Establishing the best jump to the lands


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Andrew Leigh
February 11, 2013, 08:21 AM
Could you long range accuracy boys share some tips with me please.

I suppose this is a chicken and egg scenario. Although a reloader hunter I do like time on the range getting better groups. Currently I use the OCW method of establishing a load but I have not idea of how to tie that into the correct jump.

I shoot 180gr. Accubonds as well as 180gr. SGK's. The former off a 0.03" jump and the latter of a 0.09" jump. They both shoot about the same groups, perhaps the SGK's have the edge. I get about 0.75MOA.

So, do I get me my accuracy node from the OCW method and then play with the jump? If so do I need to drop the load as I get closer to the lands or do I simply shoot over a Chrony and check for signs of pressure.

What are the signs to check for with regarding to seating depth?

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Andrew Leigh
February 12, 2013, 01:25 AM
Should this be in the reloading section to get a response, just thought you competiton boys are more attuned to accuracy and would have a better idea?

rcmodel
February 12, 2013, 01:45 AM
How good does it shoot with factory Match loads?

They don't give a darn where the lands are.

If you can make more accurate reloads then Factory Match ammo already?

Then it's time to worry about it.

rc

Andrew Leigh
February 12, 2013, 04:10 AM
Only shot with own loads. Will buy a box of factory match ammo and see what the benchmark is, it may be that I cannot shoot well enough to exploit any accuracy improvements, perhaps the box of match ammo will prove the point.

Never thought about it that way, thanks for the advice.

savanahsdad
February 12, 2013, 04:51 AM
I run a latter test, starting low and work up a 1/2 grain at a time to find the Sweet spot for that gun , letting it cool shoot to shoot then run test again , find the smallest group in both tests, (should be the same __Gr) this is done with a jump of .020 ,I then load up a few more at that __Gr with jumps of .025 , .030, .015 , .010, if my groups stay the same then I leave it at .020, I have had better groups with less jump but had high PSI (hard bolt lift ) I then backed off the charge 1/2 gr and backed off jump .005 , how ever most of my guns get there best groups well below max,

in other words load up a bunch of ammo try this and that and keep lots of notes
alsol you might want to get "Advance Handloading Beyond the basics" on DVD it's put together by Handloader Magizne , Sierra and Redding

cacoltguy
February 12, 2013, 06:08 AM
While I'm not too familiar with the OCW method, I would do all of my load testing that revolves around powder charges first with bullets seated to magazine or factory spec OAL. Once I got this down then I would mess with the bullet seating depth to see if I could improve anything. As long as the bullets are seated off of (not touching) the lands, you shouldn't really see any pressure spikes caused by seating depth. If you are seating the bullets long and jamming them into the lands then yes, this could cause pressure spikes that need to be accounted for during load testing. Some secant-ogive bullets like Berger VLD's reportedly shoot better touching or jammed into the lands and guys will develop powder loads with this as a starting OAL. Howver, I seriously doubt there is any good reason to jam a strictly hunting, tangent-ogive bullet like a Sierra Gameking into the lands. (Never actually tried though so I guess I could be wrong) Personally I wouldn't seat any of them touching the lands in order to avoid this problem of pressure spikes and further confusing your load development. Once you get your winning powder charge just shoot groups of five starting from magazine length to .02 or so from the lands (in whatever increments you see fit) and see what you get. Of course in order to precisely know where your lands are you need a tool like a Hornady overall length gauge or something similar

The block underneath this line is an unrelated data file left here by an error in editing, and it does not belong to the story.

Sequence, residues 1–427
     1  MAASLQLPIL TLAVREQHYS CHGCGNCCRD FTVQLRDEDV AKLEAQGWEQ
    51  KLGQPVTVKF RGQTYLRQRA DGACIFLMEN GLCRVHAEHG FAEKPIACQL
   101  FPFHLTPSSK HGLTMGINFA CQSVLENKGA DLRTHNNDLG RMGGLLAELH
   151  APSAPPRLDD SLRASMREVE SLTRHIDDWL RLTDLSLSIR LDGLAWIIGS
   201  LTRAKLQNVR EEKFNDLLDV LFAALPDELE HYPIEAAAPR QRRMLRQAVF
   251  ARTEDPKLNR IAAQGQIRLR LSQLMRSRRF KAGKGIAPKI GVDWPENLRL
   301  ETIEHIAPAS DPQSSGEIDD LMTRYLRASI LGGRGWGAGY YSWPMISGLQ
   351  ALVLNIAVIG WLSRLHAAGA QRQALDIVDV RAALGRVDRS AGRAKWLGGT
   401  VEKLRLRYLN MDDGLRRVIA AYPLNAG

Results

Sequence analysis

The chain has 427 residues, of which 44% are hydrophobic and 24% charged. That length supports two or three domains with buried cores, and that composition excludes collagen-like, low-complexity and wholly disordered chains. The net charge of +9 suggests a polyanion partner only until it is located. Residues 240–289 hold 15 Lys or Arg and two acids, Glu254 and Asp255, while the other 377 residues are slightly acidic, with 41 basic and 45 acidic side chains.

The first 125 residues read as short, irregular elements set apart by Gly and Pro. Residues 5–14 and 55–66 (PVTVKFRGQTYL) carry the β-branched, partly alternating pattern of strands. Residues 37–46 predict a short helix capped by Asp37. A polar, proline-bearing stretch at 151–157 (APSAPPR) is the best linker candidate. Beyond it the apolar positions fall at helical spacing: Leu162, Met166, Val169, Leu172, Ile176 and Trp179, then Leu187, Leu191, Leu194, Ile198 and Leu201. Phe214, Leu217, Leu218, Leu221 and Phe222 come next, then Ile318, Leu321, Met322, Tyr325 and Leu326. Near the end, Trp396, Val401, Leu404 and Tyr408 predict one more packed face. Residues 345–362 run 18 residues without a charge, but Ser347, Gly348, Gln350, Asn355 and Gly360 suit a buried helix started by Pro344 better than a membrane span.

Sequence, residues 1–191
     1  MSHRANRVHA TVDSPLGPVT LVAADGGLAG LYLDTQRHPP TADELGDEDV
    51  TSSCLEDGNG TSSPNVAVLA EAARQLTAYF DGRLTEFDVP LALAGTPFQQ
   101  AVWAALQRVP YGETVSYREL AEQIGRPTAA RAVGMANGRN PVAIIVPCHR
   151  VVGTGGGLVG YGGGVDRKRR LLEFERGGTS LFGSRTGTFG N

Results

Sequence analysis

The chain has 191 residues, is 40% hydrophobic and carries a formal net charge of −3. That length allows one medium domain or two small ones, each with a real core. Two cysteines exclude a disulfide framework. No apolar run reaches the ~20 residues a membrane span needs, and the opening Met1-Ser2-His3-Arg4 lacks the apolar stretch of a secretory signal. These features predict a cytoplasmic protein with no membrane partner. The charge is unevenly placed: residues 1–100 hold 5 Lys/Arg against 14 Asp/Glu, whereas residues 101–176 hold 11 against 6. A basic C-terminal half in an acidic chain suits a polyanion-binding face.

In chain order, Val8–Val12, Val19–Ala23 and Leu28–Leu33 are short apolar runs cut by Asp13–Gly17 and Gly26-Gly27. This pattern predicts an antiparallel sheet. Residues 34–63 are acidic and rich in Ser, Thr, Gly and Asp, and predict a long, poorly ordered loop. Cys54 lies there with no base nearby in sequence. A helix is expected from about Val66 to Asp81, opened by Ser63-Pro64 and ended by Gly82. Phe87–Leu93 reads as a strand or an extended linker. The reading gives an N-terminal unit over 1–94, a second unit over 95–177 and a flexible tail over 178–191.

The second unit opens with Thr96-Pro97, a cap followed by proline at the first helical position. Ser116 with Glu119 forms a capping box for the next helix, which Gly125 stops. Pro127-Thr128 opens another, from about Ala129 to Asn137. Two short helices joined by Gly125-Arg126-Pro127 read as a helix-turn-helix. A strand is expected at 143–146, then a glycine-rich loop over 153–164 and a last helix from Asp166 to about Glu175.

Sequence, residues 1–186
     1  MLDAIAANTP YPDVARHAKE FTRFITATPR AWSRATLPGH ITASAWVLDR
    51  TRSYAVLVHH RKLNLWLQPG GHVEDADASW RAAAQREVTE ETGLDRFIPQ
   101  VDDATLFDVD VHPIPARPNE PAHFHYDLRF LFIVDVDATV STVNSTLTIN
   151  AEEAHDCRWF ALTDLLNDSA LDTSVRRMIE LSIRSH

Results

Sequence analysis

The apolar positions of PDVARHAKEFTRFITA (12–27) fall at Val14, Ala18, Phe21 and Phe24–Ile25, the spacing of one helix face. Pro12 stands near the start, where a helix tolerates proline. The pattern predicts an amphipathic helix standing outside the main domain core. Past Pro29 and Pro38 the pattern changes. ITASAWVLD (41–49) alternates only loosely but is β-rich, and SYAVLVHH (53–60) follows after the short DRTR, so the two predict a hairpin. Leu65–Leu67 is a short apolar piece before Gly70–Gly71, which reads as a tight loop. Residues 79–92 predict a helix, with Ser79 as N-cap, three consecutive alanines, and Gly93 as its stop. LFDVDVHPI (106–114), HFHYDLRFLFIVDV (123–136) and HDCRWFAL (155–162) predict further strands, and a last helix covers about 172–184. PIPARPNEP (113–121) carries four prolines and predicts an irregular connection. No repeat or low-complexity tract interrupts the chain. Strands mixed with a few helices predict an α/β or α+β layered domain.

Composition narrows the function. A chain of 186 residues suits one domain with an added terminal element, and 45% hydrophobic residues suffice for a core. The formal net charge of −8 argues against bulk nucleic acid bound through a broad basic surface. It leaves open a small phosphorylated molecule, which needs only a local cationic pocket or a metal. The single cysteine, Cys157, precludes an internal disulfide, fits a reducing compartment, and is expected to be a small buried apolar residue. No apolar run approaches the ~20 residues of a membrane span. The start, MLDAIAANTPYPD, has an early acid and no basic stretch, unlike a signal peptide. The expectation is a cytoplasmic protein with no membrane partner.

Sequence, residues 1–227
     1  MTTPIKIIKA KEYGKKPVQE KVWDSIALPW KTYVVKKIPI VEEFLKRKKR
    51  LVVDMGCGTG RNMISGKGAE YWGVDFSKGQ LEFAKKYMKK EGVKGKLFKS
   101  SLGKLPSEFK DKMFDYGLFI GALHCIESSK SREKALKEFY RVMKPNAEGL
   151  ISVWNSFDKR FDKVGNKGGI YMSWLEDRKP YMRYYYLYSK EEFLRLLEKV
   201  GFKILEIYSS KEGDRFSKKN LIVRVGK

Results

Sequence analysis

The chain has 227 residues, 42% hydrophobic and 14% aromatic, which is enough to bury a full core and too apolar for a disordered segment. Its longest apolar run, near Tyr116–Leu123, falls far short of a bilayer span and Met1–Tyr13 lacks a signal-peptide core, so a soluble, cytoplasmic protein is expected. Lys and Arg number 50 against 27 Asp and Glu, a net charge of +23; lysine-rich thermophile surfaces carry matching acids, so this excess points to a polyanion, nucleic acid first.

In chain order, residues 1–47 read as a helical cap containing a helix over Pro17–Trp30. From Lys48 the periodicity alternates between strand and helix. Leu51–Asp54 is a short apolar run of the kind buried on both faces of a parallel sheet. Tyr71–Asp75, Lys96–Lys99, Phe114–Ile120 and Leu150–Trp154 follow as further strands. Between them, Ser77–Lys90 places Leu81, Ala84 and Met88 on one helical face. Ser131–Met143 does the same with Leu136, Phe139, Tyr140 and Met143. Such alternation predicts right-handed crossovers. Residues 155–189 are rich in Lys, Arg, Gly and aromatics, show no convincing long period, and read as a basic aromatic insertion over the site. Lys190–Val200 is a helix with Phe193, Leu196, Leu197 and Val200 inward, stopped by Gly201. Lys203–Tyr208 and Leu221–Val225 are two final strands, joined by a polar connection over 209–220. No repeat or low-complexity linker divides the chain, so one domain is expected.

Andrew Leigh
February 12, 2013, 06:42 AM
Thanks for that.

I know it is hunting rounds but one never knows where shooting will take one. I may end up punching paper seriously and therefore would like to have the disciplines correct.

I can establish if the bullets has a secant or tangent ogive?

Andrew Leigh
February 12, 2013, 09:50 AM
Google is my friend, got the info thanks.

kludge
February 12, 2013, 12:02 PM
When using a new bullet, I start with my .308 loads 0.015-0.020" off the lands. In my Savage 110FP my COL ends up at 2.900" when I'm 0.015" off the lands with the 168 SMK. Then I do a ladder test or a OCW test. After I choose a load and get that dialed in I can start messing with seating depth. Most times I don't mess with it. If I do I move in 0.005" increments (seat deeper into the case) to see if I can find an optimal seating depth - all the while keeping an eye on pressure.

The other way to do it is to start at listed COL (2.800" for the .308) and move out until you get to 0.015" off the lands and then you don't have to worry about pressure (unless you jam the bullet, then you REALLY have to worry about pressure).

In my rifle, that would take 18 different loads times 5 shots per group, that's a lot of bullets and powder and time. Hence, most of the time I don't bother.

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